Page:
This entire backstretch is varied in the type of terrain and foliage you see. After hoofing up the incline off of Route 524, just as the trail turns south, it levels off and rolls and twists through the woods. This stretch is a really enjoyable spot to hike. There are several spots where the sunlight streaks through the tree canopy and on to the forest floor. I stumbled upon about 4 deer that were bedded down somewhere along this stretch. I was right on top of them and didn’t even realize it until they jumped up. Gave me a jolt!


The edge of the park is marked with a stone wall and, for whatever reason, I left the trail to scope out the edge and snap a photo when I happened upon some deer bones. When you walk through the woods a lot you happen upon these sorts of things all the time. You end up getting a feel for what may or may not have happened. You end up doing your own detective work to come up with your own story for what you see. I have no idea if I’m ever right but it is fun to think about. This particular story, for me, seemed like it happened at least a few months prior but not an entire year. The bones were completely clean and yet not covered. And my guess is that a human killed this animal. There is no head or jawbone that I could find. Pretty telltale sign that this wasn’t an animal that died of natural causes or at the paws of another animal. Only humans take souvenirs.


A few more steps and this area of the trail gets a little odd. The park map isn’t easily followed in this area. You won’t get lost or anything it is just that a few trails run into one another and seemingly have a few intersections that aren’t properly detailed on the map. It could be due to the fact that the most recent revision of the map was made in 2013 and perhaps some of these intersections were created afterwards.

Speaking of this park map – I would love to see an updated map. If you work at the park and are reading this and there is a more up-to-date map or a different map altogether that makes following these trails easier please send me an email about it. In an upcoming post I’ll detail my ordeal of finding my way south on North Woods Trail trying to find a small offshoot that is clearly marked on the map but simply does not exist. I’ve also seen numbers on the trail signs that do not line up with anything found on this map so I’m guessing that there are other maps out there to be had and they simply aren’t available in print-form at the park.

I didn’t cross Route 407 but rather swung northwest and followed Joey’s Trail and Turkey Hill Trail around that loop you see on the map. Like I said, an odd little area of the park. I ended up covering some of these little areas more than once on my walk which is why this hike is noted as being 6 miles for me when the actual trails are likely shorter than that.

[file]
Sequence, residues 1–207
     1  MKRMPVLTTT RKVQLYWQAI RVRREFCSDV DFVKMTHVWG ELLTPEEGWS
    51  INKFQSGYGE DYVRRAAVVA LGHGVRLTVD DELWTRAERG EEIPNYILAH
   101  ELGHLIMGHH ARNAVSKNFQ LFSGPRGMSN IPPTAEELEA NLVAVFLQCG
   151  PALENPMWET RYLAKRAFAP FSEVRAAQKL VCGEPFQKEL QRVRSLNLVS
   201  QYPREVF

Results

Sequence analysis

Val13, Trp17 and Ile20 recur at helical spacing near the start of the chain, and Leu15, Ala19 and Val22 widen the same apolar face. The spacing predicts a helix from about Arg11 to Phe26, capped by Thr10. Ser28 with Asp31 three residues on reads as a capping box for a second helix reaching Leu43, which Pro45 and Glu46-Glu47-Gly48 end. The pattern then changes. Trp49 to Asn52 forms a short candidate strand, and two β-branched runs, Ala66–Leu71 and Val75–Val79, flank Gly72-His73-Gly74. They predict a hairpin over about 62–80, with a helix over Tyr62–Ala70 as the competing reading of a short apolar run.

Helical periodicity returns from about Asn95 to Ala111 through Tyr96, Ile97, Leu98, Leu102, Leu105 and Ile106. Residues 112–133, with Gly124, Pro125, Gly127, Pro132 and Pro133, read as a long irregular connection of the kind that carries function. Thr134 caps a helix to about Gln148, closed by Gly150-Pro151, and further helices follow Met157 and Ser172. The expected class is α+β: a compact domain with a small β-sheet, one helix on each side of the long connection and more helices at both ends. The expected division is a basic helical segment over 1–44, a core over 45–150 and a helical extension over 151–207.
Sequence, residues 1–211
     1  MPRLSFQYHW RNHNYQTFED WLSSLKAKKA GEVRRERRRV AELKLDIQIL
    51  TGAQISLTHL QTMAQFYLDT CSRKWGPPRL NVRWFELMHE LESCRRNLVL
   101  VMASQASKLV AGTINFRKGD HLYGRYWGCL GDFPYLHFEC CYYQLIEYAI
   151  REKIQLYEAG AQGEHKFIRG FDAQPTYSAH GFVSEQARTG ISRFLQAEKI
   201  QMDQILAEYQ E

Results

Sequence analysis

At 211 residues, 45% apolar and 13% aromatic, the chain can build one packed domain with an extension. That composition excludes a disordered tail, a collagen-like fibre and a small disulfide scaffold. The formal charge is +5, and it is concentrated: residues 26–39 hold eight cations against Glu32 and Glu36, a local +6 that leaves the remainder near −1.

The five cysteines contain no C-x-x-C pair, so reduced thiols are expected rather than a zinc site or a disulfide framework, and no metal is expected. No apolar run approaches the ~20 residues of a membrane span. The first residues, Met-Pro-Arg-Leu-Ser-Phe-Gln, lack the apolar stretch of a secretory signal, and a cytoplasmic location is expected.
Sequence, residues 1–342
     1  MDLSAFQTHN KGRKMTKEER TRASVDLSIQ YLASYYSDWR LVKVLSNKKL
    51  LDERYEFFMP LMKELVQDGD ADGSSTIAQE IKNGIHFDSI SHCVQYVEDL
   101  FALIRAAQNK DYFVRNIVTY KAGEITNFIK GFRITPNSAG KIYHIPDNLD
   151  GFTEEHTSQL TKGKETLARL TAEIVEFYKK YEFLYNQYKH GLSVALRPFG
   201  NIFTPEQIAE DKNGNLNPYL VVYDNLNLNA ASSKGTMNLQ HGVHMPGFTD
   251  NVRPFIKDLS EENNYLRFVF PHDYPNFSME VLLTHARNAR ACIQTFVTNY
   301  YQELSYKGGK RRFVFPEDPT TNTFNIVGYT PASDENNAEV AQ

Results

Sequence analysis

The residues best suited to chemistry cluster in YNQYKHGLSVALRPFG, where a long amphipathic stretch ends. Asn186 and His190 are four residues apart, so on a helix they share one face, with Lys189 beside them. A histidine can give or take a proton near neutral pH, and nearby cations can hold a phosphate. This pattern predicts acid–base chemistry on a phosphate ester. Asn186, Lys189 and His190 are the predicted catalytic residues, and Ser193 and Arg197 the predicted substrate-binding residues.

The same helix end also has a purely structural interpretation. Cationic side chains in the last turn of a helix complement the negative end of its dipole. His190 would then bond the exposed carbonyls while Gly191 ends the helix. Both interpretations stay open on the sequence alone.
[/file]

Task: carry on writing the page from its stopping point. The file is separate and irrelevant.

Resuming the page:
Since I was so close to the lake, and I didn’t want to pick up this part of the trail later on, I crossed Route 407 at the Turkey Hill trailhead and walked just north of the park office to the lake. There is a cool path that leads under the road here too which I need to go back and explore more. At the lake on this small peninsula there was a man fishing as the sun was beginning to set on the water so I sat for a while and drank some water taking it all in and, frankly, warming up in the sunlight since there weren’t too many sunny spots on my walk so far.



Once I was warmed up enough, and bit up by mosquitos enough, I followed the old paved road (marked as “paved path” on the map) until I hit the Ranger trailhead that my father and I first took a few hikes ago. There was a small little piece of Ranger Trail that I didn’t get that day and since I’m trying to cover every step of these trails I didn’t want to leave it out. Where my father and I turned left on Ranger Trail I turned right and crossed over Route 524 to follow Ranger Trail back to Turkey Hill Trail. If this is confusing, look for the pizza sliced shape created by Routes 524 and 407 on Ranger Trail. That’s the small piece I went and grabbed while I was here. Again I had to do a little bit of overlap to make sure I covered each piece of the trail but I’m trying to be thorough here.


I followed Ranger Trail to Turkey Hill Trail and walked north again to meet up with Abington Trail. Along this stretch of Turkey Hill Trail is a few nice rock outcrops that I should have spent more time with but the light was fading pretty quickly at this point.

When I began winding down Abington Trail on the hill there were some biker bros from “out of town” that were enjoying a good downhill ride. They stopped to ask me how they’d get from there to, I think Cole Road and by Bull Hill and back around Bullhead. But, it was getting late. I wonder if they made it or cut it short by riding Route 438 back? I’ll never know.

From here I made my way back to my car on Rowland’s Road. This was an excellent hike and one that I would only do if you can take a few hills.